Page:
Thursday, July 03, 2008

Abandoning the Cacophony - not on your life!

Often, while painting, or preparing to paint, much like writing, or preparing to write . . . well, I just said something that I don't believe in. I don't believe we prepare to paint or write; it simply must be done. One must pick up a paintbrush or a pen and begin, without allowing the 'thinking' brain to interfere with accusations or judgment, not allowing anything to crush one's creative spirit. Thinking can come later, in an editing phase, but the act of true creativity must be expressed without the imposition of an oppressed mind. Without fearing that what comes from within is good or bad, right or wrong. Like a newborn child, it must simply be allowed to a flow and authentically become whatever it may be.

These images were not painted with 'thinking' on my mind. I just picked up the paintbrush and began. This was painted in August of 2000 while spending time in Big Sur. I painted another favorite of mine just after completing this particular piece. This was the warm up you might say, dipping into paints (and the unconscious) and playing, not unlike an orchestra that is just assembling, removing their instruments from the case, testing, tuning, rehearsing . . . preparing for the real thing.

My approach to writing comes in much the same way. Most often when I begin to write, I'll take a dream and begin to explore the images, the people, the era, the setting . . . this is a way to expose all of the images, explore them and allow them to be or become what they are meant to be. It is usually in this stage of chaos that a story or a painting will begin to take form, or an image will begin to be transformed. I may spin off of a dream image that I was writing about, it may spark a memory and lead me into a completely different realm and ten or fifteen pages later, I'll look up and ask, Whoa, where did all that come from? It's like visiting a different country, or a different world, but without ever even leaving your chair, or your home, or the cafe you might be sitting in while you're away on 'vacation.' It is a most gratifying encounter, an experience that a dear friend of mine refers to as 'being kissed by an angel.' Being allowed to participate in such an act is what I call experiencing grace.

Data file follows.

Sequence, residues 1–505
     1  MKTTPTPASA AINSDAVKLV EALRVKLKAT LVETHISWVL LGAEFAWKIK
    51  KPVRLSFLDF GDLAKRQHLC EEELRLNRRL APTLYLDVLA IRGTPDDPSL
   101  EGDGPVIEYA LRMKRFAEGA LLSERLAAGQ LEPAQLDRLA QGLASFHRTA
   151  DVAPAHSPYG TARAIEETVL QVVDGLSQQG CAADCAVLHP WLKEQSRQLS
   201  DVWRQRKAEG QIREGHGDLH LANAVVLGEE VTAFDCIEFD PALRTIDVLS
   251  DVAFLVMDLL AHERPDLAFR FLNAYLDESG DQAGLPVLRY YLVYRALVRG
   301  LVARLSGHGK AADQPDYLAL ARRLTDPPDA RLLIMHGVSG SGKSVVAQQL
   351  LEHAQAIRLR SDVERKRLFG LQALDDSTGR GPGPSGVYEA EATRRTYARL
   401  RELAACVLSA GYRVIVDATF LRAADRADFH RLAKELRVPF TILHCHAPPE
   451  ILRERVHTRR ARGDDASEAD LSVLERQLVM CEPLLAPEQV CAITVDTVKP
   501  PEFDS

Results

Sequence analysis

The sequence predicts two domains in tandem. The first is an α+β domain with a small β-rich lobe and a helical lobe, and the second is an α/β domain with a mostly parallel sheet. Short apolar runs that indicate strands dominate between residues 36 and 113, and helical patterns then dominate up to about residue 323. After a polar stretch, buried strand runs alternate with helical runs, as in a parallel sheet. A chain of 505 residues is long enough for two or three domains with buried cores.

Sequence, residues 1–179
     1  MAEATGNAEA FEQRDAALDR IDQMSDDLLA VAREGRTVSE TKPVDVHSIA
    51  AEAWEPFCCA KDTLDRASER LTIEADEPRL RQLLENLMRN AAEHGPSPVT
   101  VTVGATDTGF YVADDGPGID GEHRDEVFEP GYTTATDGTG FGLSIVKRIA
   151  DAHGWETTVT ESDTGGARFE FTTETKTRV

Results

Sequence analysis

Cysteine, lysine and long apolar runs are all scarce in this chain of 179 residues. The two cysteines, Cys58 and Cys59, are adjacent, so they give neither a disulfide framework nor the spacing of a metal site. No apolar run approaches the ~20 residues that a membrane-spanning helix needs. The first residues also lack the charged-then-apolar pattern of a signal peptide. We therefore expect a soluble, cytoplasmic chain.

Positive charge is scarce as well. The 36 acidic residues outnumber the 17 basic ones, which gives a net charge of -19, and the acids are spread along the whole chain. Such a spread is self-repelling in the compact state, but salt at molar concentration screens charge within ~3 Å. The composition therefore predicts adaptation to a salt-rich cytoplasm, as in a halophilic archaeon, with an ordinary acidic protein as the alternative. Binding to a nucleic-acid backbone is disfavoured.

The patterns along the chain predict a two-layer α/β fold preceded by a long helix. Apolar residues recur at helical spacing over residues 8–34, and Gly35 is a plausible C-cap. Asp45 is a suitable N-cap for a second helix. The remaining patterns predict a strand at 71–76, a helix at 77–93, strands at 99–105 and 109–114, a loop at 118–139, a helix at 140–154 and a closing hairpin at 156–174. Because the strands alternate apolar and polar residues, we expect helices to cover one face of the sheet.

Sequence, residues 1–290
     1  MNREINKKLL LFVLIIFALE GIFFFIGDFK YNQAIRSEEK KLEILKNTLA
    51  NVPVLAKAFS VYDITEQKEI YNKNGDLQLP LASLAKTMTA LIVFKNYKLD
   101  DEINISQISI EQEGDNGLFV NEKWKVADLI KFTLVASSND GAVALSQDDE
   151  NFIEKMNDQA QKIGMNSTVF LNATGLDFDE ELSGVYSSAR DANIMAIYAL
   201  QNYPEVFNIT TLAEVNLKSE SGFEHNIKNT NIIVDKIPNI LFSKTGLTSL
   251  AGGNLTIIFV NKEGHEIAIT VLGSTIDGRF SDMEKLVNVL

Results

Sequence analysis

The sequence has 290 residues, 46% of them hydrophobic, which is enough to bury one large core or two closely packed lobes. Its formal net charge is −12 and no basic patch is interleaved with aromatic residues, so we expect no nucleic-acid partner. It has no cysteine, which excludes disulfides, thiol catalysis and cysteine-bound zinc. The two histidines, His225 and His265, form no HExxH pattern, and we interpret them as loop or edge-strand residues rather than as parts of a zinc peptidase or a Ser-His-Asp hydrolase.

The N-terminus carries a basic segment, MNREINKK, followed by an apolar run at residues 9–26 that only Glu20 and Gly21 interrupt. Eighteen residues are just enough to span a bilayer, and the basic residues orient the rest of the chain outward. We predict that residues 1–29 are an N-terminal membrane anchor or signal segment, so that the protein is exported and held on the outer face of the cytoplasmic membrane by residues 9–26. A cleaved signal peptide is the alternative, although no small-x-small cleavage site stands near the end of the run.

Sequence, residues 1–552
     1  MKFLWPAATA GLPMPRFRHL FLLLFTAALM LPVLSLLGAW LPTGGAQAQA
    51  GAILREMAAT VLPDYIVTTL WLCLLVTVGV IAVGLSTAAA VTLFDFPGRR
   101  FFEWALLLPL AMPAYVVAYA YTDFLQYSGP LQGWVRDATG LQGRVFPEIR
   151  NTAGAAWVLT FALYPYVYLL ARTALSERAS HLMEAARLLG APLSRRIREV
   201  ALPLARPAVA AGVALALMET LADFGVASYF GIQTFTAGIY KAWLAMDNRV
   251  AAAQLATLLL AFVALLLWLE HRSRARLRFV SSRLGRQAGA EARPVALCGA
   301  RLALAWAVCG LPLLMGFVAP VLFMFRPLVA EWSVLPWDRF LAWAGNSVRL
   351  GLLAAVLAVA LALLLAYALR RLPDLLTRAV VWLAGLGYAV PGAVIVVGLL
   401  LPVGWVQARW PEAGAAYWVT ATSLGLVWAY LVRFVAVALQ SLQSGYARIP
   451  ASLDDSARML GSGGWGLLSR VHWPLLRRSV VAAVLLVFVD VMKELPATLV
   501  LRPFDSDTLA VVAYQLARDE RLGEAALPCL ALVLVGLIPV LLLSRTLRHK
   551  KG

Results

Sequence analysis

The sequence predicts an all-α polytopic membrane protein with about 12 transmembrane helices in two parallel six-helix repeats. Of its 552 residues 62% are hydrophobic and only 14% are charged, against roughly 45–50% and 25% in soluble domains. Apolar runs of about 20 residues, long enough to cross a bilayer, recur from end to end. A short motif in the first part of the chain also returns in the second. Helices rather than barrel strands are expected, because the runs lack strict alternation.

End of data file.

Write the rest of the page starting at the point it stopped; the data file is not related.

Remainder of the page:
OK, the following image is what came after painting the jumble of images that you find above at the beginning of this blog. To most they are nothing special. Certainly, a skilled painter . . . alright, most children and even amateurs could paint a far prettier bed of blooming flowers. Yet, this is my bed of flowers, my flower bed where new life has taken form and now blossoms, and beyond words, this painting has deep meaning for me. It represents a time when I experienced a shift in consciousness, when my world or my image of life and the world changed. During periods such as this, one revels in the reality that things, or my blighted view of what once was, will never again be the same -- without a doubt, the Kiss of an Angel.'

Mel Mathews, is the author of several novels, including the Malcolm Clay Trilogy (Fisher King Press). His books are available from your local bookstore, a host of on-line booksellers, or you can order them directly from his website at:

© Mel Mathews - permission to reprint granted with a link back to

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